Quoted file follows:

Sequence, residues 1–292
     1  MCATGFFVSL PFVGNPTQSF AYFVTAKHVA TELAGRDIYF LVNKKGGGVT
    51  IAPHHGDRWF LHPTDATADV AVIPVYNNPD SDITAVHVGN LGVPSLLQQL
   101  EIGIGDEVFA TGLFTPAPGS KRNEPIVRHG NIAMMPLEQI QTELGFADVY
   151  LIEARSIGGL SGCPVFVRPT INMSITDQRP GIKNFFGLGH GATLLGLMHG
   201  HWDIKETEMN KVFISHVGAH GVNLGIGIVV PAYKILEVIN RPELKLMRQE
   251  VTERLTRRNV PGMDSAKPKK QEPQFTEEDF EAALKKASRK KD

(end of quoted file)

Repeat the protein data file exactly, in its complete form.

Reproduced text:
Sequence, residues 1–292
     1  MCATGFFVSL PFVGNPTQSF AYFVTAKHVA TELAGRDIYF LVNKKGGGVT
    51  IAPHHGDRWF LHPTDATADV AVIPVYNNPD SDITAVHVGN LGVPSLLQQL
   101  EIGIGDEVFA TGLFTPAPGS KRNEPIVRHG NIAMMPLEQI QTELGFADVY
   151  LIEARSIGGL SGCPVFVRPT INMSITDQRP GIKNFFGLGH GATLLGLMHG
   201  HWDIKETEMN KVFISHVGAH GVNLGIGIVV PAYKILEVIN RPELKLMRQE
   251  VTERLTRRNV PGMDSAKPKK QEPQFTEEDF EAALKKASRK KD